Perhaps Galapas' most important lesson for Merlin was this: "The gods only go with you if you put yourself in their path. And that takes courage." Merlin learns the truth of that and learns to be open to the gods and always put himself in their path.

The student grows in knowledge and power and, following the death of his grandfather and the ascension of a king who is even less kindly disposed toward him, he runs away from home and ends up on the shores of Less Britain which is under the control of the exiled king Ambrosius.

Ambrosius' brother is Uther, who will one day be known as Uther Pendragon and will father yet another bastard child who will be named Arthur and given into the care of Merlin. But all of that is still in the future.

In the meantime, Stewart shows us Ambrosius attempting to bring the peoples of Britain together under one king and the parts that Merlin and Uther play in his grand scheme.

Merlin's renown grows throughout the land until he is seen as a great wizard, able to see into the future and to affect how that future evolves.

The stories here are very well known and yet Stewart manages to make them seem fresh. She weaves together historical details and myth in a wonderful tapestry that finally reveals to us the whole colorful picture. Her writing is vividly descriptive and makes the reader feel as though she is there by Merlin's side as he works his "magic." Indeed, not just Merlin but all of the characters, including relatively minor ones, were well-developed and one felt empathy for them.

This book was published in 1970 and yet it did not feel dated. It was as timeless as Merlin himself, perhaps still sleeping somewhere in his crystal cave, waiting to be called by Arthur to wake and defend the beloved kingdom once again.
This is my third time reading this book - twice as a teenager and the third time just now. And each time, I can't but marvel at the beautiful and spirit-lifting piece of literature it is. It just takes you right in. If I was told that the book was not written by MS, but brought by Myrddin Emrys himself on the back of a dragon, I'm sure half of me would believe it...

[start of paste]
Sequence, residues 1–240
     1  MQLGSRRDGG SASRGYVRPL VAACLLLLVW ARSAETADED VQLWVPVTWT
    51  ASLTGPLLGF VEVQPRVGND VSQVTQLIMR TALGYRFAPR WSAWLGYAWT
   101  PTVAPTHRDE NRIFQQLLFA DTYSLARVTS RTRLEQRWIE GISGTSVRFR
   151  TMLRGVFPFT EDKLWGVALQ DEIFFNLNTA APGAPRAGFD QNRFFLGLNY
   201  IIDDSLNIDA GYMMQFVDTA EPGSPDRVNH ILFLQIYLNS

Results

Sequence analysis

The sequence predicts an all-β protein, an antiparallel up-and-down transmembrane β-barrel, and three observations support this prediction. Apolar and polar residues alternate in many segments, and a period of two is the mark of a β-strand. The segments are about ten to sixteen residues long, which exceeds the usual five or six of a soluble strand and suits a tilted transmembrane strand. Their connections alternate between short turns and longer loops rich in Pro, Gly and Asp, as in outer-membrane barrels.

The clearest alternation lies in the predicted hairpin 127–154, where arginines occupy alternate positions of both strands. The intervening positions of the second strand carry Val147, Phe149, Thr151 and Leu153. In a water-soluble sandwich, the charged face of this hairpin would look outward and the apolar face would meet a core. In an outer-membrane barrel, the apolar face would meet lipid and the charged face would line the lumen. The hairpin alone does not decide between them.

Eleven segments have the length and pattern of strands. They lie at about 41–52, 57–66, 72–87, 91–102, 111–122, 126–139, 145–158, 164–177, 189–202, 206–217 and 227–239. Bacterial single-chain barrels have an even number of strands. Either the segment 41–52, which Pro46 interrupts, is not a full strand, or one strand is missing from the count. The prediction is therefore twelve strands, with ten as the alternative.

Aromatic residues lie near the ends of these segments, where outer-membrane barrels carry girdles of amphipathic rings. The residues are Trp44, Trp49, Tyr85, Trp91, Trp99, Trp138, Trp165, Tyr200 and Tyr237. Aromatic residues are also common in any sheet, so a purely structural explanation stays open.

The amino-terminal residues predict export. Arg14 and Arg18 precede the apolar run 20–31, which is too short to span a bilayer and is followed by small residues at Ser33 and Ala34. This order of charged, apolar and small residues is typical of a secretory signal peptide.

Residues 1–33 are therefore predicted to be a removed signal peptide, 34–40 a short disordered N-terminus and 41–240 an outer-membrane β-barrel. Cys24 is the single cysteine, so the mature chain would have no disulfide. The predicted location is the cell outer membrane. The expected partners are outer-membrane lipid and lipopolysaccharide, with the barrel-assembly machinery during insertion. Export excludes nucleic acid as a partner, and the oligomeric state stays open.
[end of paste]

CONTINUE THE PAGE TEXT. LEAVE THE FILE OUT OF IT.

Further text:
The Crystal Cave is beautifully written, but starts slowly - don't despair. The Hollow Hills builds steam very fast and starts your heart boiling. And The Crystal Cave takes you over the crescendo, almost kills you, and then brings you back gently but with a sigh. Indeed, I've not seen many works as detailed and beautiful as this. What's even more, it is possible to actually read each of them on their own and still get a feel of the whole.
I doff my hat to Mary Sewart!
I have avoided this book for ages because I did not want to believe how good it was. Don't ask me why. I have read countless books on King Arthur but not until Rosemary's "Sword at Sunset" and this book had I realized I had done myself a great injustice. In short this trilogy is every bit as good as the reviews here have already stated. And while the writing, for me, is not as sweet as "Sword at Sunset" it is still very good and strong. By strong I mean there are hardly faults one can find with it.

I see others commenting that this might be suitable for adults but I have to disagree. The writing is not filled with difficult and overly complicated words; it is rather that the tone, mood and thought that one gets from reading it may be better understood and deciphered. This is easier reading than LOTR in comparison.

This is my first 5 star rating for the hundreds of books I've read and after countless debates with myself I think it highly deserves it. I understand a bit more about the legend now that I am reading it. To clarify, I understand now how many of the King Arthur stories are bits and pieces from this great book, from the Disney classic "The Sword in the Stone" to "Excalibur". You won't be disappointed.